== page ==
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As two Iranians are hanged for taking part in protests, dissidents stuck in the country ponder their own fate.
Iran hanged two opposition protesters on Thursday and sentenced nine more to death for taking part in widespread rallies against President Mahmoud Ahmadinejad following last June's presidential election.
It is a stark reminder to members of the Iranian political opposition and social activists — for whom exile is not an option due to financial or other constraints — of the risks of voicing dissent in the Islamic Republic.
While the executions prove the extreme measures the state is willing to take to suppress the opposition movement, many of those accused of dissident behavior have experienced retribution by other means. Factory workers, school teachers and university professors have been fired from their jobs as a direct result of expressing dissenting opinions.
Such dismissals are said to have begun in June, when the streets of Tehran and other major cities were filled with protesters claiming that the presidential election was fraudulent. In a speech just before the reopening of universities last August, the Supreme Leader Ali Khamenei called university professors “key elements in creating a velvet revolution in the country” and asked that all universities be "purified" of those who contributed to unrest.
According to sources inside the country, this was reason enough for a wave of forced retirements and firings by universities. Law, social and political studies were the departments first targeted, but it later crept into other fields such as economics.
This past week, 12 professors from Tehran’s Allameh Tabatabi University were asked not to return to their jobs. In the same week Saba Vasefi, a professor from Tehran’s Shahid Beheshti University was fired along with three others for activities in support of women’s rights.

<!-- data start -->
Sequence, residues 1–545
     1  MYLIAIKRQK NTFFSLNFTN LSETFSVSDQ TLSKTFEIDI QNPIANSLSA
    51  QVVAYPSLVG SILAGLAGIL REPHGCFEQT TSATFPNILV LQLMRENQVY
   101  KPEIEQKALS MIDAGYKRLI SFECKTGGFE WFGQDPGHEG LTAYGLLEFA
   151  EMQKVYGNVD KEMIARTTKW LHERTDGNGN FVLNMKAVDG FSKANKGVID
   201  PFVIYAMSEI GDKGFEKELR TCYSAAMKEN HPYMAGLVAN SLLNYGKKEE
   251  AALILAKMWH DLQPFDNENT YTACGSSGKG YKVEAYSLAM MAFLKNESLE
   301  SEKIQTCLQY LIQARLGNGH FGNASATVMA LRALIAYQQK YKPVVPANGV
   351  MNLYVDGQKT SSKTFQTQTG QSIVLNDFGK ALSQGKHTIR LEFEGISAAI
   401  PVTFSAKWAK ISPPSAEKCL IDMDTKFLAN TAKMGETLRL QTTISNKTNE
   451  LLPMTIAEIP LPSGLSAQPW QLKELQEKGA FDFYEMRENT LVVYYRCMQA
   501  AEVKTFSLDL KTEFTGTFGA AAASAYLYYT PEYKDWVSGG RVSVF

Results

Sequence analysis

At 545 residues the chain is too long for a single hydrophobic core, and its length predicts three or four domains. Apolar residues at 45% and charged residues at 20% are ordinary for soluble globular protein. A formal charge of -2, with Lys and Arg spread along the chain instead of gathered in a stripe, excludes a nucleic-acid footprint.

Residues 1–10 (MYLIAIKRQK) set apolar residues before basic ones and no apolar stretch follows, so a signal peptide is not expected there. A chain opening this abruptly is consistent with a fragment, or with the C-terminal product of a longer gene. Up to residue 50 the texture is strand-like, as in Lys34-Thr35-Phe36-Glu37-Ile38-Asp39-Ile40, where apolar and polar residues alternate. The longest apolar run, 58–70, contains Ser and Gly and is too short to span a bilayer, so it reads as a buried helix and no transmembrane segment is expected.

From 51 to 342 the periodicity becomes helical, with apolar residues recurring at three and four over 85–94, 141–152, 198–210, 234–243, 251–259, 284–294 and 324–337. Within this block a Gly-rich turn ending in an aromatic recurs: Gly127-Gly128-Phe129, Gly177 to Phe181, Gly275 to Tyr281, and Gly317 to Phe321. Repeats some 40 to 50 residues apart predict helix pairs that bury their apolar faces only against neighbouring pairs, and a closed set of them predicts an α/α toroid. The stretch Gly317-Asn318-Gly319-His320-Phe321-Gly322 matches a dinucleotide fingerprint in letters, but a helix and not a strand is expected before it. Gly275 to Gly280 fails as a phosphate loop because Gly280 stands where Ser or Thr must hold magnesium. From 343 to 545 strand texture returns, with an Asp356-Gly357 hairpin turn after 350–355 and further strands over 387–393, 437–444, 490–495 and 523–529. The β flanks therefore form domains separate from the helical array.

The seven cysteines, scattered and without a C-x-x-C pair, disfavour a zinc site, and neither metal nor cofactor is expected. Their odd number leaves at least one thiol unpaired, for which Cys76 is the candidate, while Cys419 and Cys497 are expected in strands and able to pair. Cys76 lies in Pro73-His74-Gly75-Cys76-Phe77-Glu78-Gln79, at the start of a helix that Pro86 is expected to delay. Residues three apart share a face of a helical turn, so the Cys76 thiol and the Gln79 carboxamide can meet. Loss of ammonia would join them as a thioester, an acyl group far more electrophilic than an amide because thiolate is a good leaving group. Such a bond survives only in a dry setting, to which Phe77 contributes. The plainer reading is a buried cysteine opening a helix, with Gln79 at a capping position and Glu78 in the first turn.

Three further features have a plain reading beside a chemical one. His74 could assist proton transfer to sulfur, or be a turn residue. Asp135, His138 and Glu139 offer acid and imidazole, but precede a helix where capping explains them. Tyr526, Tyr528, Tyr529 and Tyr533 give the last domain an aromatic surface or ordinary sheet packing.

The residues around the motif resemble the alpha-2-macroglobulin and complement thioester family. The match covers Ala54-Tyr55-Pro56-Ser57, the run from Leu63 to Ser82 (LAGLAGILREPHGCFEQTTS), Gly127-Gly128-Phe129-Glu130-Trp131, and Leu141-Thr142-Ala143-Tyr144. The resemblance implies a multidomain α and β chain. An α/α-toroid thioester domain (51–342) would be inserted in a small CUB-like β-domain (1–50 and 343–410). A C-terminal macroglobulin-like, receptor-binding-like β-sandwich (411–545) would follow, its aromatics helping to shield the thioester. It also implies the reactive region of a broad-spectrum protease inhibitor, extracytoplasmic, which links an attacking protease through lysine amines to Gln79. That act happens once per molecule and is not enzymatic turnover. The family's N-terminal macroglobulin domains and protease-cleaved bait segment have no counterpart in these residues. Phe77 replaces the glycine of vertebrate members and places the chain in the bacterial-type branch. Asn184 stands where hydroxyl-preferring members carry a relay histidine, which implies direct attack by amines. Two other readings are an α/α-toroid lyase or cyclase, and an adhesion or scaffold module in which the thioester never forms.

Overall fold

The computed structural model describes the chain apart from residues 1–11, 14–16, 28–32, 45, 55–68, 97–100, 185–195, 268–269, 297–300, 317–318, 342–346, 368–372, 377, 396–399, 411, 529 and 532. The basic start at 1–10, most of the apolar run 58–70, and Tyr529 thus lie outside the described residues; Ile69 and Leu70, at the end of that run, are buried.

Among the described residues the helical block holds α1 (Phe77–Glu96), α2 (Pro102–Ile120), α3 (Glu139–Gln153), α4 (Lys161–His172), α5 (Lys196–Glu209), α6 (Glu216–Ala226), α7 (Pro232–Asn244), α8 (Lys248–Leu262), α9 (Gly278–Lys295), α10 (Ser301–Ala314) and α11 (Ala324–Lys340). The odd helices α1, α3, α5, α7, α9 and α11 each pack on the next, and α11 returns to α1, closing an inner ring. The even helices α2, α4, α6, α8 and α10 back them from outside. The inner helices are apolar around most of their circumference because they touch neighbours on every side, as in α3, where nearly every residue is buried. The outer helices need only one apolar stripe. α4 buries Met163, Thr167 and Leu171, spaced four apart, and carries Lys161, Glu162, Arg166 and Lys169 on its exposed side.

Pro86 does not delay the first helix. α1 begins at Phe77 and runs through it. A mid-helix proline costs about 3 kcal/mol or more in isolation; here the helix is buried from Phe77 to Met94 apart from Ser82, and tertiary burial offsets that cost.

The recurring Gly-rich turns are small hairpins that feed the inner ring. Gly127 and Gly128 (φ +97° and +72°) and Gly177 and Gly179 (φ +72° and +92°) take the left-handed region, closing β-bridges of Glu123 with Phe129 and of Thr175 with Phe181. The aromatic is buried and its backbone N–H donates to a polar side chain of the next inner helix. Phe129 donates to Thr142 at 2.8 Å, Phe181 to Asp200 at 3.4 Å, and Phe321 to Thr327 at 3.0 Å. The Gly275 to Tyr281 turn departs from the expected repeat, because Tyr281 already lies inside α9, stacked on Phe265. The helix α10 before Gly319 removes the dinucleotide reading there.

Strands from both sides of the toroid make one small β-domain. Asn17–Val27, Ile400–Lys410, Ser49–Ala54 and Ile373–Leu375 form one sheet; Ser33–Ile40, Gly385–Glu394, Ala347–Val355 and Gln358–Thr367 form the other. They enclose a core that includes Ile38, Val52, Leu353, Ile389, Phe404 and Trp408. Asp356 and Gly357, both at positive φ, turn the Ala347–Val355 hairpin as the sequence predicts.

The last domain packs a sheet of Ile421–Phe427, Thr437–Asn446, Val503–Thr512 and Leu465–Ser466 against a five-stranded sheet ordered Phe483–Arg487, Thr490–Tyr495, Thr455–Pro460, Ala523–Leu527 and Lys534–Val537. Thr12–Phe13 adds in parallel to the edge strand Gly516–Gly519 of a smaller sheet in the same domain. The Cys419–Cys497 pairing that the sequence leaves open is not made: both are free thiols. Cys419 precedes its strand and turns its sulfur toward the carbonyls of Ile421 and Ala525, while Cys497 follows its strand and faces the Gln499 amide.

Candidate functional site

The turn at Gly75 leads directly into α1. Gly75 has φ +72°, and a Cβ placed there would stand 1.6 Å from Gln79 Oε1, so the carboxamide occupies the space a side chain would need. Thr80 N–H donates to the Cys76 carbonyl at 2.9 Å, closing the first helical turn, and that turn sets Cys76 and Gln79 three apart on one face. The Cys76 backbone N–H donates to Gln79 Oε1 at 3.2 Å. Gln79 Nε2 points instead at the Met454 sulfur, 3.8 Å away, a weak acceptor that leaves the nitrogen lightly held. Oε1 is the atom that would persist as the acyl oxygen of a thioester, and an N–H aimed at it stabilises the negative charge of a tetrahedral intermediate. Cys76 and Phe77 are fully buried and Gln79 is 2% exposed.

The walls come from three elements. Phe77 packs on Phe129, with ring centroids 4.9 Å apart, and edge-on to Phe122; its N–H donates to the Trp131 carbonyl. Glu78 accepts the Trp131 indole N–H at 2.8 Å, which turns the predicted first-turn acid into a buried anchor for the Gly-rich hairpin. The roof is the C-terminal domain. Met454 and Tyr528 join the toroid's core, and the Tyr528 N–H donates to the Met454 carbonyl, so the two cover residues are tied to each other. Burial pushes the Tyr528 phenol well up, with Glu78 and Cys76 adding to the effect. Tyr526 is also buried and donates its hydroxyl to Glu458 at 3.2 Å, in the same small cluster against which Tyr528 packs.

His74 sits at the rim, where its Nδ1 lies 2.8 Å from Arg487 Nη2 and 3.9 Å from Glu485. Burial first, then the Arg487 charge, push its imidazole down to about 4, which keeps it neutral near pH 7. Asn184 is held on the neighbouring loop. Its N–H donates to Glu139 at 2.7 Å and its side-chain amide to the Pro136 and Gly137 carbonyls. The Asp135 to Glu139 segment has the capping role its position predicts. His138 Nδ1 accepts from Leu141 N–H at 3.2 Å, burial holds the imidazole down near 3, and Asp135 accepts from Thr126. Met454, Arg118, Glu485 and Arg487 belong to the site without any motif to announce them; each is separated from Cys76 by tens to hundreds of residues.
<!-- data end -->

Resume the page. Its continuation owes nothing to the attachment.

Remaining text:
Another University of Tehran professor was asked to leave his job because he “was seen attending the funeral of late Ayatollah Montazeri last month," Rahesabz.net reported. Montazeri was a senior cleric considered the opposition movement’s spiritual leader.
A community of sorts has formed of those laid-off and virtually unemployable but without the means to leave the country. They face an uncertain future.
Amir Razaghi is one such dissident. A former employee of Ministry of Health, he is a member of the political reform party Freedom Movement of Iran. It was founded in 1961 by a group of politicians and religious figures and continued its operation after the Islamic Revolution in 1979. In 2000, the Iranian government arrested many of its members. After the June election, its leader, Ebrahim Yazdi, was taken to Evin prison where he remains, one of the country's oldest prisoners in one of its most notorious jails.
In a phone interview, Razaghi said that he had worked for the Ministry of Health for 12 years as a senior expert in public health. He joined the movement early in his career and stayed politically active while he worked. Last summer he received a letter from the “herasat” or the ministry’s security, asking him to stop his political activities.